Day of the Dead Specialties Keep Traditional Mexican Flavors Alive

Written by Anita
October 29, 2008




Recently called a “national treasure” by the Mexican Ambassador, legendary cooking expert and cookbook author Diana Kennedy has traversed Mexico for the past 50 years, documenting original authentic cuisine shared with her by the country’s people. Part travelogue, part cookbook, Diana’s books bring to life the cultural cuisine of this heritage-rich land.


We recently spoke with Diana, who has just republished one of her bestselling cookbooks, The Art of Mexican Cooking, and is putting the finishing touches on her new cookbook focusing on the cuisine of the Oaxaca region.


Q: What was the inspiration for your new book?

A: Many people only know the food of the central valley of Oaxaca, but there are actually 14 different areas.  I was in the mountains researching [this book] for years.


Q: Do you have a simple recipe that you recommend for the home cook?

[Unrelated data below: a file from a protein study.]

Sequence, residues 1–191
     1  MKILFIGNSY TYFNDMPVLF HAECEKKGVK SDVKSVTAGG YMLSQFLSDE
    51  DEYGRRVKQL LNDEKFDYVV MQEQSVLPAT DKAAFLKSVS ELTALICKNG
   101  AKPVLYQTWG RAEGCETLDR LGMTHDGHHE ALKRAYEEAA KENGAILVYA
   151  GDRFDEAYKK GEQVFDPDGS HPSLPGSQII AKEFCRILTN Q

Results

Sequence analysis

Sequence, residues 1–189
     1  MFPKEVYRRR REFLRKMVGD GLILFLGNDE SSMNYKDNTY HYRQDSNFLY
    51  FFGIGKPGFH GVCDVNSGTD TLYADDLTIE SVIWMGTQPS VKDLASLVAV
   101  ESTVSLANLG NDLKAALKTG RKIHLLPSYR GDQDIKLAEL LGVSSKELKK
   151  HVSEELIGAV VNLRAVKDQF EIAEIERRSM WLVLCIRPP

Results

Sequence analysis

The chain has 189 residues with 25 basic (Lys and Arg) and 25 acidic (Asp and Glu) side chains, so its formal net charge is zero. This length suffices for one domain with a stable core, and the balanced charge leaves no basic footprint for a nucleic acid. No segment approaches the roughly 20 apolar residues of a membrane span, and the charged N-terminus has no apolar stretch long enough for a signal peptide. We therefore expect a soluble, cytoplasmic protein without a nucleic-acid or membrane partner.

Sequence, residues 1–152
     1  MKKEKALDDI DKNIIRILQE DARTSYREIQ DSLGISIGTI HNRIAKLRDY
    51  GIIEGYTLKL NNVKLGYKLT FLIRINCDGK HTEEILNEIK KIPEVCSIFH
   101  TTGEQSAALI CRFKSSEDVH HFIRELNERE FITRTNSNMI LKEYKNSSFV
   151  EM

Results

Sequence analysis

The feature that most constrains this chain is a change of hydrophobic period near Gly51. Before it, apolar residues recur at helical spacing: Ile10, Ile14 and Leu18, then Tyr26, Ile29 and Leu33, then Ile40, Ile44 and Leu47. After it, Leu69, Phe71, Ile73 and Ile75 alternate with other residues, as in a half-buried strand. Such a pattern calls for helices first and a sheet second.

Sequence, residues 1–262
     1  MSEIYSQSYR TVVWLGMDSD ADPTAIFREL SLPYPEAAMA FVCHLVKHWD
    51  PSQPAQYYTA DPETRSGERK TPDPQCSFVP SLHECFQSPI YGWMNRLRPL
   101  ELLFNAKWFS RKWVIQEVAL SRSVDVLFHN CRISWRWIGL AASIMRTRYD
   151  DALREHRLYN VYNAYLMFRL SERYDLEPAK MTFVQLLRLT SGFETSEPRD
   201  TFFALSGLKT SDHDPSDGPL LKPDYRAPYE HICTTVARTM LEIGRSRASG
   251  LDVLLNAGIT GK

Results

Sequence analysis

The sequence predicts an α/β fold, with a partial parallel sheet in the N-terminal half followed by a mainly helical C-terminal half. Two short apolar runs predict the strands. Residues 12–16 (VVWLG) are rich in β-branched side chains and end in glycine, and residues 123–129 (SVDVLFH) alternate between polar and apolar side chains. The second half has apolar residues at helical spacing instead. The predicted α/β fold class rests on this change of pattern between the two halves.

A: I have lots of them! When people get a new book, they should approach it the way I do.  First, I go through it and choose what I’ll make. Then, I make sure that I have the ingredients.  Good guacamole is easy to make and a good chicken broth is easy—you just have to look after it a bit.


Q: What’s your favorite featured menu item?

A: The Tostada de Calabaza Frita, which is in my book.  This is a snack served in the cantinas, and I love it.  It’s nice to have something for vegetarians, and you can also make it with pumpkin.


Not culinarily inclined? Then stop by Oyamel Cocina Mexicana’s Day of the Dead celebration now through November 3 to sample several of Diana’s specialties. Our favorite (like her!) was the Tostada de Calabaza Frita, a stewed blend of calabaza squash, onion, and green pepper that tops a crispy tostada and gets its kick from a bit of habanero chile. Oyster lovers should try the Ostiones Pimentados Estilio Tamaulipas—Rhode Island Moonstone Oysters bathed in a tangy peppercorn sauce.  Diana’s love for native ingredients and age-old cooking methods keeps traditional Mexican flavors alive in an ever-changing world



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